Exceptionally well-directed by John McTiernan, Die Hard
made Bruce Willis a star back in 1988 and established a new template for action stories. Here the bad guys, led by the velvet-voiced Alan Rickman, assume control of a Los Angeles high-rise with Willis's visiting New York cop inside. The attraction of the film has as much to do with the sight of a barefoot mortal running around the guts of a modern office tower as it has with the plentiful fight sequences and the bond the hero establishes with an LA beat cop. Bonnie Bedelia plays Willis's wife, Hart Bochner is good as a brash hostage who tries negotiating his way to freedom, Alexander Godunov makes for a believable killer with lethal feet and William Atherton is slimy as a busybody reporter.
Director Renny Harlin took the reins for the 1990 sequel, Die Harder, which places Willis's New York City cop in harm's way again with a gaggle of terrorists. This time, Willis awaits his wife's arrival at Dulles Airport in Washington, DC when he gets wind of a plot to blow up the facility. Noisy, overbearing and forgettable, the film has none of the purity of its predecessor's simple story; and it makes a huge miscalculation in allowing a terrible tragedy to occur rather than stretch out the tension. Where Die Hard set new precedents in action movies, Die Hard 2 is just an anything-goes spectacle --Tom Keogh
The second sequel, Die Hard with a Vengeance brings Detective John McClane to New York City to face a better villain than in Die Hard 2. Jeremy Irons is the brother of Alan Rickman's Germanic terrorist-thief from the original film. But this bad guy has his sights set higher: on the Federal Reserve's cache of gold. As a distraction, he sets McClane running fool's errands all over New York--and eventually, McClane attracts an unintentional partner, a Harlem dry cleaner (Samuel L Jackson) with a chip on his shoulder. Some great action sequences can't obscure the rather large plot holes in the film's final 45 minutes. --Marshall Fine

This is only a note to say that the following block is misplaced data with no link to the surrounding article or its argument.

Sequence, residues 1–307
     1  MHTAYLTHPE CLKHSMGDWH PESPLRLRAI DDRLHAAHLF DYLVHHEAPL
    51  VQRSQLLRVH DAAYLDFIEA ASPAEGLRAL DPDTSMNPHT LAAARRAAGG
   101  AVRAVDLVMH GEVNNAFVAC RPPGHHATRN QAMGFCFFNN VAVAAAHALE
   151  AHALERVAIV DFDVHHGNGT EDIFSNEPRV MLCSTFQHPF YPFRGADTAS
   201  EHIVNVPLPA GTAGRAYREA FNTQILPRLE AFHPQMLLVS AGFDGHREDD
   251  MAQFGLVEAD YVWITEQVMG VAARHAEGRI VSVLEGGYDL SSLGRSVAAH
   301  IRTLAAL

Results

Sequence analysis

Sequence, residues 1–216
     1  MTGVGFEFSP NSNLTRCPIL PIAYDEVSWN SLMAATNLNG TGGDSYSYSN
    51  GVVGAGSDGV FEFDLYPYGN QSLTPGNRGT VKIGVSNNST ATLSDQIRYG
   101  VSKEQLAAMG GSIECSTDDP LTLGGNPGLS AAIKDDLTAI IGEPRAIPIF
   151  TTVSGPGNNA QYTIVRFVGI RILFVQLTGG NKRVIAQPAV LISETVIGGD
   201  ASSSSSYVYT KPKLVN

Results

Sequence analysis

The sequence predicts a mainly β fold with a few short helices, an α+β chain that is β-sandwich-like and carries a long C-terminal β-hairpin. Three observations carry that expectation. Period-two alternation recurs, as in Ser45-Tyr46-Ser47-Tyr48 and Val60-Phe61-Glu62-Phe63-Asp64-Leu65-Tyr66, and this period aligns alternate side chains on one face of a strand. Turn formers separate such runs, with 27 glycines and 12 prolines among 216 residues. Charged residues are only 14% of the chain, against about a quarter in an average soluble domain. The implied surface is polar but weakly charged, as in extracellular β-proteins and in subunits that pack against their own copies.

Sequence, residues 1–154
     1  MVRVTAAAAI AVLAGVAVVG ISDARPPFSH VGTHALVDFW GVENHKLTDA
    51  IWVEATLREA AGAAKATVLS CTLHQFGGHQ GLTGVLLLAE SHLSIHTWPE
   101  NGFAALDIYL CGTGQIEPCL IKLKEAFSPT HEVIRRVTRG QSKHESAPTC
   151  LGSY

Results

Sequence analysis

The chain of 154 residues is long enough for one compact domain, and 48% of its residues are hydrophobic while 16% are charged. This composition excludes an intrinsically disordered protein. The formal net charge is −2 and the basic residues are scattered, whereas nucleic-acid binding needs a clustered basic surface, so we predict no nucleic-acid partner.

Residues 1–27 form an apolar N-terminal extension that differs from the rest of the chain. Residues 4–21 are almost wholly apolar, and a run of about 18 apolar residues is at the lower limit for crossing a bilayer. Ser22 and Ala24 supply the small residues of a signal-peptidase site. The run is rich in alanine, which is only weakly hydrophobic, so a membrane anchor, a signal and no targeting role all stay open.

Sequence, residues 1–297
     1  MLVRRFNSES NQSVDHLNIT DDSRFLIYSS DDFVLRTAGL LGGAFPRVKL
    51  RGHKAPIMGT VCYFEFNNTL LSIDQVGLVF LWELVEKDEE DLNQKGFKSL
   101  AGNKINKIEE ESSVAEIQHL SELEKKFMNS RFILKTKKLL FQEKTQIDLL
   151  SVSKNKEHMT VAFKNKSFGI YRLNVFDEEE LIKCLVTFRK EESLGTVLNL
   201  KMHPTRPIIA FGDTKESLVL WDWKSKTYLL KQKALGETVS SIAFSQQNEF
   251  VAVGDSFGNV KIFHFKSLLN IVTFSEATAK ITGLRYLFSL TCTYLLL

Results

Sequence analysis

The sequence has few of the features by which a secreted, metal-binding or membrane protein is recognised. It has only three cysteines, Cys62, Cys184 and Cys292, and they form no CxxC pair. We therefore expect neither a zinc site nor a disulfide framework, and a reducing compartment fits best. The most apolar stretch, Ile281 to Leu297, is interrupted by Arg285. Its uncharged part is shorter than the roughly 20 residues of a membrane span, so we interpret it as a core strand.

Triple bill of blockbuster action films starring Bruce Willis as resourceful, vest-wearing New York cop John McClane. In 'Die Hard' (1988), it's Christmas Eve and McClane is visiting his estranged wife Holly (Bonnie Bedelia) in Los Angeles, where she works. They are attending a party at Holly's high-rise office block when terrorists, led by the suave Hans Gruber (Alan Rickman) break in, taking everyone hostage. McClane manages to evade capture, however, and sets out to rescue his wife and the other prisoners. It is not long before he is running barefoot over shattered glass (ouch!) in a sweaty vest, muttering 'Yippy kay aye' as he dispatches the baddies with bullets and a certain earthy wit. In the sequel, 'Die Harder' (1990), set a year on from the evnts of the first film, McClane is set to meet up with wife Holly on Christmas Eve, this time at Dulles airport in Washington DC. However, when terrorists take over the airport in an attempt to rescue dictator Esperanza (Franco Nero) from his incoming flight, it is up to McClane to restore order and ensure that Holly's plane lands safely. In the third and final film in the trilogy, 'Die Hard With a Vengeance' (1995), McClane becomes involved in a twisted game of Simon Says when an evil terrorist (Jeremy Irons) sends him dashing all over the city in an effort to find a series of explosive devices. Teaming up with electrician Zeus Carver (Samuel L. Jackson), McClane soon discovers that the bombs are an elaborate ruse intended to provide cover for a billion dollar bank job.